Vuillermin Grape

Ark of taste
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Vuillermin – also formerly known as Eperon or Spron – is a rare local grape variety from Valle d’Aosta in northwestern Italy, a region with a strong history of viticulture focused on local varieties. Vuillermin grows along the banks of the Dora Baltea river in the municipalities of Chambave and Chatillon. Vines of this variety have medium-large leaves and medium-small pyramid-shaped clusters of grapes. The grapes themselves are medium-small and spherical with a thick, opaque blue skin. The garnet-red wine made from these grapes is aged in barrels and has a complex bouquet with notes of cinchona, bergamot, and ripe fruit.

The local climate is characterized by dry winters and warm summers. Temperatures vary greatly not only from season to season, but also throughout the day: in summer, mornings are cool, afternoons are hot, and nights are cold. The large diurnal temperature range helps enrich the grapes’ aromas. The most typical vine training system for Vuillermin is Guyot, which works well in dry areas where the plants are kept small. This variety is grown in terraced vineyards at elevations up to 700 meters above sea level. The grapes are harvested during the second half of September and taken to cellars for destemming and then crushed to release the juice. The juice is macerated with the grape skins and seeds at cool temperatures for a period before being separated from the solids and fermented (pre-fermentation maceration is a popular technique in the Aosta Valley). Once fermentation is complete, the wine is rested in wooden barrels and stainless-steel vats before being bottled. Vuillermin is excellent for pairing with meat, such as lepre (hare) in civet; or with cheeses like as toma al ginepro (toma with juniper).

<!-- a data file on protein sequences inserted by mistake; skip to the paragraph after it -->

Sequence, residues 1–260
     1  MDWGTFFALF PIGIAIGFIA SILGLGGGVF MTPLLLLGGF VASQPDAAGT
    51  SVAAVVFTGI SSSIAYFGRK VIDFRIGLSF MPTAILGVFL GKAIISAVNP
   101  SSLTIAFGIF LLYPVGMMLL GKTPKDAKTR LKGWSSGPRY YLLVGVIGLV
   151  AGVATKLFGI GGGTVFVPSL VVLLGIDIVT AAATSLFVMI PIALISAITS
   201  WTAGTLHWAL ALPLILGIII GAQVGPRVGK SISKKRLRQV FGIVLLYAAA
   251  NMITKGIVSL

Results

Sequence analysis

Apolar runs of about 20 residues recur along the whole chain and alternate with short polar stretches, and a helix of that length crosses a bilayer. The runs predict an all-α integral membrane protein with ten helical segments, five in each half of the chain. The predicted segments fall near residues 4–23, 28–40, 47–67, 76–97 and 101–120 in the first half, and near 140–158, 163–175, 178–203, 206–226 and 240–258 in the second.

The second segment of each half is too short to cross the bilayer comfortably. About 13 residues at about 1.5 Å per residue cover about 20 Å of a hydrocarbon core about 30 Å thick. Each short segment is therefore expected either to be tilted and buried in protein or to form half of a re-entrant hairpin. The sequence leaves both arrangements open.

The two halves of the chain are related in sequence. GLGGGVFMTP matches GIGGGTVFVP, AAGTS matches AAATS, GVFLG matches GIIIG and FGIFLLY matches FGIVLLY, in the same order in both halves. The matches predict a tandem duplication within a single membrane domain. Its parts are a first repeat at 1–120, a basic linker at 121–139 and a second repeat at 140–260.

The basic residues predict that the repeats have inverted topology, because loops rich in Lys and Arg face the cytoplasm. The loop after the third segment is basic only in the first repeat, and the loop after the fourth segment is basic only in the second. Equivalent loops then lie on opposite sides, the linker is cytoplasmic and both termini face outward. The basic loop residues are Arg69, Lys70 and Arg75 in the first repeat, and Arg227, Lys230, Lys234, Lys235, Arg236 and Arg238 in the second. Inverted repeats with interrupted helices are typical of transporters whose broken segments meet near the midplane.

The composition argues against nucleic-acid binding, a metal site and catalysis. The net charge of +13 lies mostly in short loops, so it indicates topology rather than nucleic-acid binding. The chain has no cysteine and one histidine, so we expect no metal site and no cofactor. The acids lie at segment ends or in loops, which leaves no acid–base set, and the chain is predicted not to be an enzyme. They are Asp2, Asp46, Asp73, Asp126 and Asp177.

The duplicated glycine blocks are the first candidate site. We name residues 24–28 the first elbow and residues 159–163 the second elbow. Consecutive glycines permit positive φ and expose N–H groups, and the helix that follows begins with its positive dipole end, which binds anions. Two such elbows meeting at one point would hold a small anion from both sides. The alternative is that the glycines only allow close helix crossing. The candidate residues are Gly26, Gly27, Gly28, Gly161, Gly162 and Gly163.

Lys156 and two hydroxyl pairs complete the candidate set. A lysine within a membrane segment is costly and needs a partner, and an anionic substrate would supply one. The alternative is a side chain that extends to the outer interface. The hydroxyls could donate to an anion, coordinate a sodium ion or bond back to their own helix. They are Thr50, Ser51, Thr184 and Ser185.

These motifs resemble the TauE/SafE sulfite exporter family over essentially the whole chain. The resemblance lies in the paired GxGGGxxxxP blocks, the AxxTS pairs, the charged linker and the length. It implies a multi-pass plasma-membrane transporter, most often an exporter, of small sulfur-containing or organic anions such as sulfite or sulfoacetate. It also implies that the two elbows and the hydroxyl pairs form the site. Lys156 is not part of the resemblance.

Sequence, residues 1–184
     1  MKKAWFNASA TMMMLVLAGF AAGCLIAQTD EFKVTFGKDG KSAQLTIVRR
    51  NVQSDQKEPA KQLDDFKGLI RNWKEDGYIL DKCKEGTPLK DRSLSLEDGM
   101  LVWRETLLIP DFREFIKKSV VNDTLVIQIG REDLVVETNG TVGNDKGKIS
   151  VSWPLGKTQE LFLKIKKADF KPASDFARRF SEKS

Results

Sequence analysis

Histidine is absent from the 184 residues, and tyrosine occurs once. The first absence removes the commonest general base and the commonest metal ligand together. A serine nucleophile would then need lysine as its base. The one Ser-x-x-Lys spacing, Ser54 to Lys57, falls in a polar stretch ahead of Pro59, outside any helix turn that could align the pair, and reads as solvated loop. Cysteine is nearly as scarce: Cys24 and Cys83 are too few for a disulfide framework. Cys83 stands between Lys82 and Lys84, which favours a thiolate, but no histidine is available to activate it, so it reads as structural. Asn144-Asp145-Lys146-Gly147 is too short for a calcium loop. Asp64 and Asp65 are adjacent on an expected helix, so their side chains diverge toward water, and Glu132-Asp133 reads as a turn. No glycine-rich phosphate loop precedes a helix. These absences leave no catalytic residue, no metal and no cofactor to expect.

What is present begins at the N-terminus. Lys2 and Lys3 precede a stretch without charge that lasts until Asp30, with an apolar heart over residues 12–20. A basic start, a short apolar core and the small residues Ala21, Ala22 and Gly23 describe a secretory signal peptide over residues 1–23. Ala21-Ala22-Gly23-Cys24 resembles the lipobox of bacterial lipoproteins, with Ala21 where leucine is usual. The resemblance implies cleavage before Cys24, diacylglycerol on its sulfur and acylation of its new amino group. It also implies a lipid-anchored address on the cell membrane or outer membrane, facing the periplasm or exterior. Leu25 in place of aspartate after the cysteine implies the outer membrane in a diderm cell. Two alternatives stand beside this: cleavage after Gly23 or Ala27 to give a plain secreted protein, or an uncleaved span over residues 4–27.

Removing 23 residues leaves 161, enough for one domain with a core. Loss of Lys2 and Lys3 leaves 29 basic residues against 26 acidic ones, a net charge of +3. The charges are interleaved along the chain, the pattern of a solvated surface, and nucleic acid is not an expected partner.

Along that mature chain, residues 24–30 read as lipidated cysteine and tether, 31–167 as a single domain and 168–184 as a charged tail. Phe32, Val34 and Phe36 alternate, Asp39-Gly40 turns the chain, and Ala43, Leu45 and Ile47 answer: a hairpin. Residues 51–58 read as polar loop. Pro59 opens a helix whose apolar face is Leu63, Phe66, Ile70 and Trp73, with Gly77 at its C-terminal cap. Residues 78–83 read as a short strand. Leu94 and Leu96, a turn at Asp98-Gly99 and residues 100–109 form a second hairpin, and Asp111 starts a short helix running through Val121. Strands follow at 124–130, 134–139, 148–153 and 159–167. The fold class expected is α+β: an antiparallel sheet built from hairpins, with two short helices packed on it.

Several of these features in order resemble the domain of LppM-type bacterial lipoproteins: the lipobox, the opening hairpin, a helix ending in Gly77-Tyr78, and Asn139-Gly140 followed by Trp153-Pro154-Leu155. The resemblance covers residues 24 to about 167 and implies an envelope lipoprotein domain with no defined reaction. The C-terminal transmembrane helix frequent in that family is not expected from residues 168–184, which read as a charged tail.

In the past, Vuillermin was not well known outside of Valle d’Aosta—indeed, it was on the verge of extinction by the end of the 20th century, when researchers from the Institut Agricole Régional di Aosta (Aosta regional agricultural institute) began working with local producers to bring it back into cultivation. Today, only a few producers grow it, and pure Vuillermin wines are difficult to make well due to the variety’s high tannin levels. Nevertheless, it is considered a fine wine and there it a trend toward making monovarietal Vuillermin to showcase its qualities.

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Aosta Valley

Production area:Chambave and Chatillon towns

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Wines and grape varietals

Nominated by:Jennyfer Lale Murix